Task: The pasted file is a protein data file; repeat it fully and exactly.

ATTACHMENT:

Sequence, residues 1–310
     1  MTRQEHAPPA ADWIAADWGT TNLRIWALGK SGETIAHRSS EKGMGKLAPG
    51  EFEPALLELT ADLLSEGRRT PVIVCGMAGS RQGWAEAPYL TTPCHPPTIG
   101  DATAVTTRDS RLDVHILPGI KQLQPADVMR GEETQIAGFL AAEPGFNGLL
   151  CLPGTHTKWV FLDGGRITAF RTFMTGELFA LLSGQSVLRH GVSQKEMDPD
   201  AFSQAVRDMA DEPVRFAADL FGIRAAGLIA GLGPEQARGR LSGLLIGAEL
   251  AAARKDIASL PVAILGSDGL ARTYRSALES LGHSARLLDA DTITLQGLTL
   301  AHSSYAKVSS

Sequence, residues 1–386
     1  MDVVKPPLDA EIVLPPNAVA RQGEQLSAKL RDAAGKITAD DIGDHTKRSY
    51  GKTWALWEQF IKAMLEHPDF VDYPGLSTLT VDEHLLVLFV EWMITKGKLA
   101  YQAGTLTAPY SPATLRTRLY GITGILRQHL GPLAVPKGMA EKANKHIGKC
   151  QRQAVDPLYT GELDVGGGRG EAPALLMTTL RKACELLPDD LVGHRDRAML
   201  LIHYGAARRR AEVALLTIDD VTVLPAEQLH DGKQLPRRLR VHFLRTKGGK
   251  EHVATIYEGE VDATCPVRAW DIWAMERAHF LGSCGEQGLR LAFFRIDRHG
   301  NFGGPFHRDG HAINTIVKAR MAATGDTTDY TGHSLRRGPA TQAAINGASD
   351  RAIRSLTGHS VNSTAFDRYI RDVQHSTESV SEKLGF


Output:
Sequence, residues 1–310
     1  MTRQEHAPPA ADWIAADWGT TNLRIWALGK SGETIAHRSS EKGMGKLAPG
    51  EFEPALLELT ADLLSEGRRT PVIVCGMAGS RQGWAEAPYL TTPCHPPTIG
   101  DATAVTTRDS RLDVHILPGI KQLQPADVMR GEETQIAGFL AAEPGFNGLL
   151  CLPGTHTKWV FLDGGRITAF RTFMTGELFA LLSGQSVLRH GVSQKEMDPD
   201  AFSQAVRDMA DEPVRFAADL FGIRAAGLIA GLGPEQARGR LSGLLIGAEL
   251  AAARKDIASL PVAILGSDGL ARTYRSALES LGHSARLLDA DTITLQGLTL
   301  AHSSYAKVSS

Sequence, residues 1–386
     1  MDVVKPPLDA EIVLPPNAVA RQGEQLSAKL RDAAGKITAD DIGDHTKRSY
    51  GKTWALWEQF IKAMLEHPDF VDYPGLSTLT VDEHLLVLFV EWMITKGKLA
   101  YQAGTLTAPY SPATLRTRLY GITGILRQHL GPLAVPKGMA EKANKHIGKC
   151  QRQAVDPLYT GELDVGGGRG EAPALLMTTL RKACELLPDD LVGHRDRAML
   201  LIHYGAARRR AEVALLTIDD VTVLPAEQLH DGKQLPRRLR VHFLRTKGGK
   251  EHVATIYEGE VDATCPVRAW DIWAMERAHF LGSCGEQGLR LAFFRIDRHG
   301  NFGGPFHRDG HAINTIVKAR MAATGDTTDY TGHSLRRGPA TQAAINGASD
   351  RAIRSLTGHS VNSTAFDRYI RDVQHSTESV SEKLGF